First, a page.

I spent the better half of this past September in Gresham, Wisconsin assisting Simon Levin in firing his Anagama. To date, this has been my most influential experience in ceramics. Working with Simon and his apprentices, who are all very talented potters, has taught me a lot. Through working with them I have learned the importance in deciding who you surround yourself with. It is very inspiring to me to be at the bottom of the pack and feel the need to catch up.
We fired Simon's Anagama for six days and then downfired. Downfiring is a technique Simon developed. It is similar to reduction cooling but he lets the kiln re-oxidise after every stoke in the downfiring as opposed to keeping the kiln in reduction during the entire cooling cycle.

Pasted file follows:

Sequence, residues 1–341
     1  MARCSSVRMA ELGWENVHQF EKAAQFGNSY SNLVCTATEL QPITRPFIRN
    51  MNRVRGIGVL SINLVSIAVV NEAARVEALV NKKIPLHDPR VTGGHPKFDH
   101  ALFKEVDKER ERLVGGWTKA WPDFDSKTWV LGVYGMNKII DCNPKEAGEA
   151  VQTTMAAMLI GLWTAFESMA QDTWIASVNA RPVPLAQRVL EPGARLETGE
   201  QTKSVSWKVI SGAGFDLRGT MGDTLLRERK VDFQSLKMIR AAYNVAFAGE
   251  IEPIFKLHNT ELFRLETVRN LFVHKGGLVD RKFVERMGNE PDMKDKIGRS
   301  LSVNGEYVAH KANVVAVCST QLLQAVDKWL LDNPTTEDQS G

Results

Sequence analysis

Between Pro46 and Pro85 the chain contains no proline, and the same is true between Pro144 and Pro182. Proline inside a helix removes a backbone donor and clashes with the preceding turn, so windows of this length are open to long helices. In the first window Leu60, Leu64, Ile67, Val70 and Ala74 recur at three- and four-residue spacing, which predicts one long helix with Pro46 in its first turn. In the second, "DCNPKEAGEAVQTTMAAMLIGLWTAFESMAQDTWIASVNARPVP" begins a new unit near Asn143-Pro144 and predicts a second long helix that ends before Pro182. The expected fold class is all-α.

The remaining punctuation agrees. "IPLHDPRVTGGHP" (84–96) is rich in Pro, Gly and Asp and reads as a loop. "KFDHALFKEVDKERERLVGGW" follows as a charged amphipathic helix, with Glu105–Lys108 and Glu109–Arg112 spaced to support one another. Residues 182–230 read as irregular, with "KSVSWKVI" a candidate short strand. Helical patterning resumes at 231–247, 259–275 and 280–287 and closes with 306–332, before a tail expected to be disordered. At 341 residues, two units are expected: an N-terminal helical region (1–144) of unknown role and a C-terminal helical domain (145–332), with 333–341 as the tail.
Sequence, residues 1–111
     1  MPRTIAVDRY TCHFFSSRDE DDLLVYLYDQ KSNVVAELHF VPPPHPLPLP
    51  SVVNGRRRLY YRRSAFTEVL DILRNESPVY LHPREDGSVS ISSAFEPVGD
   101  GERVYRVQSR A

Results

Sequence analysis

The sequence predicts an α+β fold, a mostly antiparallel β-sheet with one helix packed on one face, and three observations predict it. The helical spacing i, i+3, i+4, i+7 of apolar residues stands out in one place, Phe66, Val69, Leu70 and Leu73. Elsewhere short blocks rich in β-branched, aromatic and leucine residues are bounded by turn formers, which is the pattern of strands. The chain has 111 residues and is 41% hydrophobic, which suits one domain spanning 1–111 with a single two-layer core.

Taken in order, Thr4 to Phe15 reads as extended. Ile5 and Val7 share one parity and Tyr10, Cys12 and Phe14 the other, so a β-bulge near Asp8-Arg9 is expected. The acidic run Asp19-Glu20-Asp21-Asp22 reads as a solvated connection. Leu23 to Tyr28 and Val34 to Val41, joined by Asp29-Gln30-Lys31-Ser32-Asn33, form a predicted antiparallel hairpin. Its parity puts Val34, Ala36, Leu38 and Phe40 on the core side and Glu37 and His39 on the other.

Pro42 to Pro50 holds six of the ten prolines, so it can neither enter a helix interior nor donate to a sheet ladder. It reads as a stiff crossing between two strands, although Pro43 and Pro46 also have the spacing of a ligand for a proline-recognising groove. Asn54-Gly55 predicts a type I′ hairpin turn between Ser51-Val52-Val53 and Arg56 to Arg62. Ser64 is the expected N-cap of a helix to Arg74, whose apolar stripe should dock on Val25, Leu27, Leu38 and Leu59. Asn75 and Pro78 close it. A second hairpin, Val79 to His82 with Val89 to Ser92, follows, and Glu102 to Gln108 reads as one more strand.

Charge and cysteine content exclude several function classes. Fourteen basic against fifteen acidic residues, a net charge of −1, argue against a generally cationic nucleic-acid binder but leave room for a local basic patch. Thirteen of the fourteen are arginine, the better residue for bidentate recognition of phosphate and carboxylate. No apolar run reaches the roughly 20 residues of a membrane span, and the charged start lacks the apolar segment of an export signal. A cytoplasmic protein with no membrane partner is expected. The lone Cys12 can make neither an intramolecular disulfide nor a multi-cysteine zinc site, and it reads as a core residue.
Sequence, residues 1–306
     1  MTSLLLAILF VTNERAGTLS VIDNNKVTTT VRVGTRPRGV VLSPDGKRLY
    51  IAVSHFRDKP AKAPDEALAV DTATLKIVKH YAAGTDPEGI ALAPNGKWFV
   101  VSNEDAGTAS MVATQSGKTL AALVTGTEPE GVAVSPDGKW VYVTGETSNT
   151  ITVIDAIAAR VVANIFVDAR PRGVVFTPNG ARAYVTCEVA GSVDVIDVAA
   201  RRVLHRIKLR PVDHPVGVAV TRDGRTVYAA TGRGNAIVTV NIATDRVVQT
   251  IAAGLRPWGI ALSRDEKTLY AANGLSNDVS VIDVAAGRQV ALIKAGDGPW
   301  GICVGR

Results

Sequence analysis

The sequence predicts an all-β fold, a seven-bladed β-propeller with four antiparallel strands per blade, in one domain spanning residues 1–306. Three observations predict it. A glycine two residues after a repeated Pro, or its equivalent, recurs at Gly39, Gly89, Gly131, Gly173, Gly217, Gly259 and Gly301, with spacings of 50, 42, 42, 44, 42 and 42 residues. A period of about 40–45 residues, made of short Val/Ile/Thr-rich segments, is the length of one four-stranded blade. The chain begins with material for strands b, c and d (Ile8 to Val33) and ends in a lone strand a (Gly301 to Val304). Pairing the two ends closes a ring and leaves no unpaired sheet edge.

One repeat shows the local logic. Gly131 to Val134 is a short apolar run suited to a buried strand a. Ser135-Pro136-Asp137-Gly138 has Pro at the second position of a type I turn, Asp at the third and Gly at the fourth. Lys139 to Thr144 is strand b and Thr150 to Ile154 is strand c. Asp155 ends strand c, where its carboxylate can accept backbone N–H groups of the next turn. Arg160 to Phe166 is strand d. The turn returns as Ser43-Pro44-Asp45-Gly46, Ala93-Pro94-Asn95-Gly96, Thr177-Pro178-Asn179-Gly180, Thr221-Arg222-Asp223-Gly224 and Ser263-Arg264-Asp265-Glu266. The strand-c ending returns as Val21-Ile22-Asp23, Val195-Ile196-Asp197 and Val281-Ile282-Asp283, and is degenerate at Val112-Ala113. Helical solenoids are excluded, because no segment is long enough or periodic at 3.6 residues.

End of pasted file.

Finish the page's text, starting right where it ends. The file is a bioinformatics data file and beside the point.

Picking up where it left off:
Simon also fires his kiln a lot cooler (in temperature) than most people. Cone ten's were down in the hottest parts after firing for six days. The kiln never got over 2200 degrees. The ash was melted by the heat work as opposed to just temperature, meaning heat over time.
The kiln is fired in a very controlled manor with a detailed hourly kiln log and thermocouple. Simon's goal is to produce lots of "information" on the surface of the pots. He has adapted the firing schedule in order to emphasize the surfaces he wants. He is also very conscious in loading the kiln. Every pot is very carefully wadded in place and some wads are hung between pots to create more information and flame path on the pots.